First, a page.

That’s a natural question for every new user of a communication service like social networks etc. Popular examples of companies who have to deal with this question are Facebook, WhatsApp, and Instagram. A common method involves uploading the user’s address book to the service. However, this is a critical move because the service gets a lot of personal data of people who never agreed to share their data with a third party.
In some countries such as here in Germany, such practices are even strictly forbidden because citizens should be able to control the use of their personal data. Our constitutional court even gave this principle a name: it is called “informational self-determination” (“informationelle Selbstbestimmung”) and it became a basic right in 1983, only a few weeks before Orwell’s year began …
Sure, that’s why we’re hashing that stuff before uploading!
If you don’t want to upload the address book in plain text, you could upload the hashes of its entries. Instead of the message “I know someone whose phone number is +1234567890”, only the message “I know someone whose phone number has the hash 12039d6dd9a7e27622301e935b6eefc78846802e”. The server can then compare this to the phone number hashes of its users to find out whether it knows this person.
Hashing contact information before uploading is a good start. When using a cryptographic hash function like SHA-1 or something from the SHA-2 family, you are working with a solid tool. But all of these hash functions are designed to be fast and you can bruteforce them similarly to password hashes.
Bruteforcing email addresses
The easiest way to bruteforce large amounts of email hashes is to use the fact that a lot of people use one of a small set of email providers. Having a fixed email domain (e.g. “@gmail.com”) allows you to concentrate on the username. Most people use short usernames, let’s say less than 15 characters. Popular are [a-z0-9.-], i.e. 38 different chars per position.
That’s 38^15 ≈ 5*10^23 ≈ 79 bits.
For shorter usernames (10 chars), we have 38^10 ≈ 6*10^15 ≈ 52 bits.
When we consider that email addresses are not random strings but usually include real names or dictionary words, the real amount of information contained in the address is much less, which makes bruteforcing fast. Let’s have a wild guess: If one char of the usual email address contains 3 bits of information, we have only around 30 bits for the whole username. With current bruteforcing tools such as Hashcat, a hash of such an email address can be cracked in seconds.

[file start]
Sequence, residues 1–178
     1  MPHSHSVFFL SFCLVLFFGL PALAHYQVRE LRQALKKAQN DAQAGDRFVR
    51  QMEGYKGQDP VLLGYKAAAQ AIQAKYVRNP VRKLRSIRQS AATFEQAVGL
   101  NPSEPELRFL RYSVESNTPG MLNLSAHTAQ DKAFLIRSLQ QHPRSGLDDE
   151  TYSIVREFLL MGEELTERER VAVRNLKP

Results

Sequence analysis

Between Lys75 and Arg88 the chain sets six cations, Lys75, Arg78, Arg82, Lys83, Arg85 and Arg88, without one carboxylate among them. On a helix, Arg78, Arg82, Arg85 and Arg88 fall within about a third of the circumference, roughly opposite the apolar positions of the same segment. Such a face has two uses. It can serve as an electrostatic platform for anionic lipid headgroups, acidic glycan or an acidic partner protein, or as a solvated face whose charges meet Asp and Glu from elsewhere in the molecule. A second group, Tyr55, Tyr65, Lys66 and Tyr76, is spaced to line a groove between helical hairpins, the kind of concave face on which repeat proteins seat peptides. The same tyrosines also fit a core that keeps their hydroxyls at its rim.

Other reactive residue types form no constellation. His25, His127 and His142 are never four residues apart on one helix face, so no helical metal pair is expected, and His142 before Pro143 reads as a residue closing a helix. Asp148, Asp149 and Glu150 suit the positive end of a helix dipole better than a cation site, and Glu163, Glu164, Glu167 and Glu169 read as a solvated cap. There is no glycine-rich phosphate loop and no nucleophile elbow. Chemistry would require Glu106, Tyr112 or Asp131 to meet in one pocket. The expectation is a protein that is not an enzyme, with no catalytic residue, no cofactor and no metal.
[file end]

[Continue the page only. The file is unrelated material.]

Bruteforcing phone numbers
Assume you know that the majority of your users is from a specific country, let’s say Germany.
Their mobile phone number will start with a +49 followed by one of the 17 possible mobile carrier codes and a 7-8 digit number.
That’s 17*10^8 ≈ 2^31, i.e. less that 2 billion possibilities. Again, this can be cracked in seconds.
Additionaly, one can store the results of the bruteforce attack in a rainbow table, making it easy to reconstruct a large amount of phone numbers from their hashes all at once.
Pure contact information hashing is useless in case of phone numbers and weak in case of email addresses.
What can be done?
You can use the power of combinations. Assume there are 2^52 email addresses and 2^31 phone numbers, then there are 2^83 email-phone pairs, which is much harder to bruteforce.
We’ll suggest a way of more secure user discovery, where your user needs to know
email and phone number to find a peson from his address book on your service.
Ask your user: Help your contacts to find you on [name of service]. Only those who already know your email and phone number will find you. Please enter: email, phone.
Then you generate the discovery hash for your user like that:
discovery_hash = hash(user.email + user.phone) where
+ is meant to be the string concatenation and
hash a cryptographic hash function.
On the client, your user generates the same hashes for each contact in his address book
contact_hash = hash(contact.email + contact.phone).
Note: There might be several hashes per contact if people have multiple email
addresses and phone numbers (one for every combination). But the number of hashes will still be low (8 hashes if there are 4 emails and 2 phone numbers in one contact).
hash cryptographically secure, slow and and it’s output big since attackers suffer from that much more than honest users do. The hashes from the SHA family are generally regarded as secure, but they are very fast. The recommended way to make a hash function slower is by iteration,
as discussed for example in PKCS #5.